With three hours to turn around his application, Barckley applied for the job and was initially hired on a one-year assignment as the official accountant for the Martin Luther King Federal Holiday Commission, in which he worked closely with the Civil Rights leader’s widow, Corretta Scott King, who was chairman of the Commission.

“On the first year we got thousands and thousands of contributions coming in to the Commission to continue the work.  But after we got the extension, money dried up.  It dried up to the point, where there were times we’d have to go into our own pocket, to get certain things to get it through.  But we made it,” he said.

He said former President George H.W. Bush and Sen. Robert Dole were extremely instrumental in getting more money for the Commission, by holding a luncheon and rallying big spenders to donate their money to the King holiday cause.

Barckley stayed with the Commission until about 1990, when it received appropriations, which meant the federal government controlled the money.  He returned to the Department of Treasury until his retirement in 2003.

However the King footwork did not end.

When he began his call to ministry in 1985, at a church on the Eastern Shore of Maryland, he was already working with the Commission and taking what he learned to influence King celebration’s within the church.

“In 1986, when we celebrated the first holiday honoring Dr. King, I had a service at my church,” Barckley said.  “And I dare say I might have been the first church on the Eastern Shore to honor Dr. King’s birthday back then,” said the Reverend.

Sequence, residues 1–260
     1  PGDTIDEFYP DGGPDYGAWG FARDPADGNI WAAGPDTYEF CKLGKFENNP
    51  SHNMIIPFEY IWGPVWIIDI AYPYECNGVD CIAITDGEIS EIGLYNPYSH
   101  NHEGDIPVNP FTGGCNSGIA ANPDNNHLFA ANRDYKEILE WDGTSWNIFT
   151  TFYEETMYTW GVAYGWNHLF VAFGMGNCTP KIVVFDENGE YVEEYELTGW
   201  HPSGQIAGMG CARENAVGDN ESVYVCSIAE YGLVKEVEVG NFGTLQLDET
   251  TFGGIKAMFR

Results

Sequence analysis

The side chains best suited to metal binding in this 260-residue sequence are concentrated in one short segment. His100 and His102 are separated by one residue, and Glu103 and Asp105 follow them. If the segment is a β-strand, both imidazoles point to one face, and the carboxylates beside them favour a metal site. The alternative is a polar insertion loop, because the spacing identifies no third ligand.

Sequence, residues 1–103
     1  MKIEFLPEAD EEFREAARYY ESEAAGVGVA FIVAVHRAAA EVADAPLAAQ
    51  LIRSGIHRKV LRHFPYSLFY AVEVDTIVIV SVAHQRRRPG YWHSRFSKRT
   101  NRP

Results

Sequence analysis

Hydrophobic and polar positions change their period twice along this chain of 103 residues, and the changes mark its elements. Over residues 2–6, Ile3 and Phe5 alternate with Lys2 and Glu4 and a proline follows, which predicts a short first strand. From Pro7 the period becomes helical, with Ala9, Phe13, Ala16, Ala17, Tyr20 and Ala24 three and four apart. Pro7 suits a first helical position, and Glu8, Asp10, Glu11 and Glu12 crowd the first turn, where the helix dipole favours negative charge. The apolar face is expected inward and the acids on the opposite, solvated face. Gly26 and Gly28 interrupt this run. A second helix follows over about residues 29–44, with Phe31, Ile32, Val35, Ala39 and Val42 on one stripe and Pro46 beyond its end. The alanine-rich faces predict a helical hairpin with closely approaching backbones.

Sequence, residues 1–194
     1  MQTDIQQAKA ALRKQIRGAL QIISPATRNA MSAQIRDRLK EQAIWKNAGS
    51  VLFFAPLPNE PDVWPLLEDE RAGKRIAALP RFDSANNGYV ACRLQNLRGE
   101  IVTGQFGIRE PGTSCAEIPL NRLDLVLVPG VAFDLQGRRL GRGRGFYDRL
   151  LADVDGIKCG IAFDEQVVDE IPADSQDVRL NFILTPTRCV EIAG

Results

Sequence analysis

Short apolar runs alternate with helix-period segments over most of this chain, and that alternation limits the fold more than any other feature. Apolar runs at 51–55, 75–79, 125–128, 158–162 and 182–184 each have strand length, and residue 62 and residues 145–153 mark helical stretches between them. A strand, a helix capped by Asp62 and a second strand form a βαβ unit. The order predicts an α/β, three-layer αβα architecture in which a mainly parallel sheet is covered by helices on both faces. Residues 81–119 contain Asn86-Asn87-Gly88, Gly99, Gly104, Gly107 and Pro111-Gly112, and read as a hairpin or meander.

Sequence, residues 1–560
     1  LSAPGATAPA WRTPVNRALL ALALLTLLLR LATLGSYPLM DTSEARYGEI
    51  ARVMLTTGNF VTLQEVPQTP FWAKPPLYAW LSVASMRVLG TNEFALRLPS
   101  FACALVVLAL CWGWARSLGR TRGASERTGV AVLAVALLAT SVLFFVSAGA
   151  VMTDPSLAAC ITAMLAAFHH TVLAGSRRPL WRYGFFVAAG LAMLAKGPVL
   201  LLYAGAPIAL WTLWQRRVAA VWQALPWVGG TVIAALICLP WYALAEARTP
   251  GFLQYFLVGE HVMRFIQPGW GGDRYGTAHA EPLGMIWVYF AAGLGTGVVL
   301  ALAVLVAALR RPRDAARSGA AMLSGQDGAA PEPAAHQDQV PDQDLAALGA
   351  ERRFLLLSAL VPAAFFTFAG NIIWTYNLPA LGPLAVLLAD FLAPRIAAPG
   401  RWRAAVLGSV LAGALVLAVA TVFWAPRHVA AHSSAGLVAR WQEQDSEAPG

Since, he has been part of the ministerial staff of New Bethel Church of God in Christ since 1988.

Over the year he’s also organized several celebrations for King’s birthday with the Department of Treasury, and served as the keynote speaker, invocator and master of ceremonies for programs in his honor.  Barckley has also given lectures and worked alongside professors at Washington Adventist University in order to create programming around King’s life and legacy.

Now he is a paraeducator at Newport Mill Middle School in Kensington, MD, where he also seeks to keep King’s dream alive.

“There, I enjoy hanging with the kids, teaching them, bringing forth Dr. King’s legacy, encouraging them to read books on Dr. King and putting it out there any time I can in that regard,” he told the AFRO.

Further, through his effort in making King’s birthday a national holiday, Barckley found another way of serving his community- delivering news.

During his time with the Commission, former AFRO Publisher Frances Murphy interviewed him and others about their efforts.  He was so inspired by Murphy’s article, he began buying and distributing the AFRO to the masses.

“From that point on, I started coming to the AFRO to get papers and distribute them.  I think I started off getting about eight a week and then it grew to about 350 to 400 a week,” he said.  “Today I still do the AFRO.  My biggest location is the Refreshing Spring Church of God in Christ. And out there I can do about 300.”

As the battle for justice and equality continues with movements like Black Lives Matter, Barckley sees King’s legacy and hopes that his generation, and those prior, can be an inspiration for the current fight.

“I think Black Lives Matter is important because it brings another generation in and their thoughts and feelings,” he said.  “It’s the same effort- respect, opportunity.  So I’m in favor of it,” he said.

“I’m glad of that kind of spirit because we need it to challenge the other side- because do matter.”

Micha Green

AFRO Washington, D.C. Editor